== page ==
Waste and Discharges

System installation typically requires drilling or excavating in contaminated areas, resulting in the handling and disposal of contaminated soils, which are typically containerized and disposed of off-site. Drill cuttings and downhole equipment may be highly contaminated. 

Treatment systems may generate extensive solid and liquid residuals. Appropriate storage, management and disposal of treatment residuals are part of proper treatment system operation. Spent sorbent (for example, activated carbon) and accumulated solids (sludge) require collection and off-site transport, typically on a batch basis. The nature of treatment processes frequently concentrates contaminants in these solid residuals. Under specific conditions, solid residues may be flammable, corrosive and/or produce toxic leachate.

Ideally, treated groundwater meets all applicable criteria for release and does not constitute a high-risk discharge. However, inadequately treated discharge, discharge containing by-products, and discharge containing excess reactants or at unacceptable pH levels may constitute a hazard to downstream receptors.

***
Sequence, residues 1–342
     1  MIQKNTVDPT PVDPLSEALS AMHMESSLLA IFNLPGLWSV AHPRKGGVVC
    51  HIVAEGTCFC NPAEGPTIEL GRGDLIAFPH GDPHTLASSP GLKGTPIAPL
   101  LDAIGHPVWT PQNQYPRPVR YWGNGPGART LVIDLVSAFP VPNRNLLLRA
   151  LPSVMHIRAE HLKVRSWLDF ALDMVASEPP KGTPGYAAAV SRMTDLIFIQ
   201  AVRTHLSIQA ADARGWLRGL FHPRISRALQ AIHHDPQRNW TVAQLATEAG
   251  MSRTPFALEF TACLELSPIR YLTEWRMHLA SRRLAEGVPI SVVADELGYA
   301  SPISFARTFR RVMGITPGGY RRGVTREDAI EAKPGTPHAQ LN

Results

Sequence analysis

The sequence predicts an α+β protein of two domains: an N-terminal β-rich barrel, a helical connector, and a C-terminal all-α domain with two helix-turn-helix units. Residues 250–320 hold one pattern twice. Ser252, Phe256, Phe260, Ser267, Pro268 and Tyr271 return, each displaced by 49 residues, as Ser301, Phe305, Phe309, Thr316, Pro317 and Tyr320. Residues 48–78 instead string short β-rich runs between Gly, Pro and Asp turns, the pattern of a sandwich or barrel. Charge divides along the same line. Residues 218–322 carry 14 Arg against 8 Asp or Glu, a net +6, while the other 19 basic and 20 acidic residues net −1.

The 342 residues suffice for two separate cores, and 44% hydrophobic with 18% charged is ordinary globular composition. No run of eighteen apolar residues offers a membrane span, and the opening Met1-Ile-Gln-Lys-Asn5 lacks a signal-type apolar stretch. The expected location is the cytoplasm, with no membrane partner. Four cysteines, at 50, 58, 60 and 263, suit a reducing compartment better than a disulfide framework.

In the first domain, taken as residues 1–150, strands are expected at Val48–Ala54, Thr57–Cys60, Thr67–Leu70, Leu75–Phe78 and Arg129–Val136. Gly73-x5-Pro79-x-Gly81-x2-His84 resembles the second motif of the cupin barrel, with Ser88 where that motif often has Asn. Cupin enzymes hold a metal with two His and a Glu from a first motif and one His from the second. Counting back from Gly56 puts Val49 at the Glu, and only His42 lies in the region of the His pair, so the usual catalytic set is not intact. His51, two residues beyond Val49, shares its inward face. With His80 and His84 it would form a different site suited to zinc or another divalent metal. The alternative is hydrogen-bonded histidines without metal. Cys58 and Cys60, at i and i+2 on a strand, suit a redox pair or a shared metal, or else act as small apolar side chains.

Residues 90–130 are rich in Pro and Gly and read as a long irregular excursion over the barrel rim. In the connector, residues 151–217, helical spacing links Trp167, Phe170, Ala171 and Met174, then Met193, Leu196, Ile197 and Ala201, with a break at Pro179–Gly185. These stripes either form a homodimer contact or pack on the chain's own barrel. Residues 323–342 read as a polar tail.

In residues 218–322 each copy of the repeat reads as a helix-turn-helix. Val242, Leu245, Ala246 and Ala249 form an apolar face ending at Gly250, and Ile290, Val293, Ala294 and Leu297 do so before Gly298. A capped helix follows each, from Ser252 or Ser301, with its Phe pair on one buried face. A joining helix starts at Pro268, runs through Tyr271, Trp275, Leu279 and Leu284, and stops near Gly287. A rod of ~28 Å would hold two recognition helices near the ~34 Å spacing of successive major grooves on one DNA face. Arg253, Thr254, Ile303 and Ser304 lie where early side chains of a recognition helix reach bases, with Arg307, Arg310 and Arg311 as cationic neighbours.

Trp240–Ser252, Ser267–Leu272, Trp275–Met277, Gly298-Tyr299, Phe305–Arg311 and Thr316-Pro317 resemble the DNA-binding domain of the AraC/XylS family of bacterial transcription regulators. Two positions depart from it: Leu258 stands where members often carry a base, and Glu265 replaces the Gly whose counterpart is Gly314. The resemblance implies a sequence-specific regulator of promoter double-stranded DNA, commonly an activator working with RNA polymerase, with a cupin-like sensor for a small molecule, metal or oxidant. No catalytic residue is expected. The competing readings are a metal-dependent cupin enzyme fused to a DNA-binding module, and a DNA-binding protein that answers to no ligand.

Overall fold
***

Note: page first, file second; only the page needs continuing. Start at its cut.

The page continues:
Free product (NAPL) is typically batched in drums or tanks for eventual shipping off-site. On-site use or destruction (typically by incineration or co-firing with other fuels) may be implemented. Note that waste fuel, dirty fuel, and/or waste oil combustion in unspecialized equipment may cause deleterious emissions to air.

Recommended analyses for detailed characterization

Chemical analysis

  • pH
  • Conductivity
  • Contaminant concentrations present in the following phases:
    • adsorbed
    • dissolved
    • free

Physical analysis

  • Soil granulometry
  • Contaminant physical characteristics including:
    • viscosity
    • density
    • solubility
    • vapour pressure
  • Measurement of NAPL surface tension under site conditions
  • Presence of non-aqueous phase liquids (NAPLs)

Recommended trials for detailed characterization

Physical trials

  • Evaluation of the radius of influence